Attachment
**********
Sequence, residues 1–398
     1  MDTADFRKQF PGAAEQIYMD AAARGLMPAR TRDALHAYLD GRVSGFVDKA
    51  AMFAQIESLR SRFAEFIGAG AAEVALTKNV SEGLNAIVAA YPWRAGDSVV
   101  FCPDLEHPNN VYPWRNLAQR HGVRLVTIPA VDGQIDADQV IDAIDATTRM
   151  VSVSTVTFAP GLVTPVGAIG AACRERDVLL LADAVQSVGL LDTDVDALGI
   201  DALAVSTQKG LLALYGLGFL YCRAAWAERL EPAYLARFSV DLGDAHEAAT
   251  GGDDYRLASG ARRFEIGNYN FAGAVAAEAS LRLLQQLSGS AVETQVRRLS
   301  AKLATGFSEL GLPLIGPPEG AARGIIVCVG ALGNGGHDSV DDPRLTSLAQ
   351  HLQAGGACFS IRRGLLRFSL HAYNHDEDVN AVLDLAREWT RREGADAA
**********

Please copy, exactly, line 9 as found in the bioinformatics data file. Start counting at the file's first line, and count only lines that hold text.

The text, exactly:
   351  HLQAGGACFS IRRGLLRFSL HAYNHDEDVN AVLDLAREWT RREGADAA